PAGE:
TRAVEL with pat and lew

organizing our two weeks in Ireland

Posted by Lew Weinstein on March 2, 2007

     

Pat and I have both been to Ireland before (Pat three times), so we’re using this occasion to explore different parts of the country and other aspects of Dublin.

We plan trips to Wexford (where our new Collioure friends Valerie and Lorcan have a home) and to Cork. We will also re-visit Pat’s family in Westport, County Mayo.

But first we must go to Avoca, the real-life home of the BBC television series Ballykissangel, which became a sort of cult event for Pat and me, and many of our friends, several years ago in New York.

If you like things Irish, and you’ve never seen the show, the DVDs for several seasons are available on amazon.com. It’ll be a great treat. We decide to train to Arklow, from which we’ll either bike or take a cab the seven miles to Avoca.

Bike? What were we thinking?

I spread out my maps and schedules, and we select our travel dates, interspersing one or more days in Dublin between each out-of-town trip. This is the luxury of having two weeks, which is a major benefit of our home exchange approach to travel. We can accomplish a lot without the constant running about that is often so exhausting on a shorter trip.

We prefer trains to driving wherever practical, and from Dublin, we’re linked by excellent train service to just about anywhere in Ireland. The next day, we go to th etrain station and purchase tickets to Wexford (18 euros), Cork (59 euros) and Galway (40 euros), and Arklow (20 euros). There’s some kind of deal which we don’t quite understand, but the ticket clerk says we got a bargain by purchasing all the tickets at the same time.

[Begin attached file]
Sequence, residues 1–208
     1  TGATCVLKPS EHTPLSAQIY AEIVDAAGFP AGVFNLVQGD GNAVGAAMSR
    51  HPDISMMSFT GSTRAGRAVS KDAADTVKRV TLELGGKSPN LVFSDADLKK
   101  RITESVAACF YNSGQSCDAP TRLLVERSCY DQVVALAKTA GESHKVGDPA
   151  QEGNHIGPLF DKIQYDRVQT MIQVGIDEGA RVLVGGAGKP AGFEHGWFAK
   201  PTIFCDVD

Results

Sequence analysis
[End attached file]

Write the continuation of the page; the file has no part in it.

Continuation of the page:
At the Dublin Tourist Office, we reserve a car in Galway for the several hours drive to Westport. We could have taken the train directly to Westport, but we’ll want the car in Westport so we can drive out to Pat’s family’s country homes.

We also need a room for our one night in Westport, and the Tourist Bureau reservations clerk checks his computer and quickly identifies a vacancy at a B&B. He makes the call, confirms that the room is still available, and then asks, in a perfect, charming, so Irish way, “Might I take that room off your hands?” We smile at a delightful travel moment.

Now we can fill in the Dublin days from a growing list of interesting options, including several days to do what we like best, which is to just walk around the city and enjoy the sights and the people we always meet.

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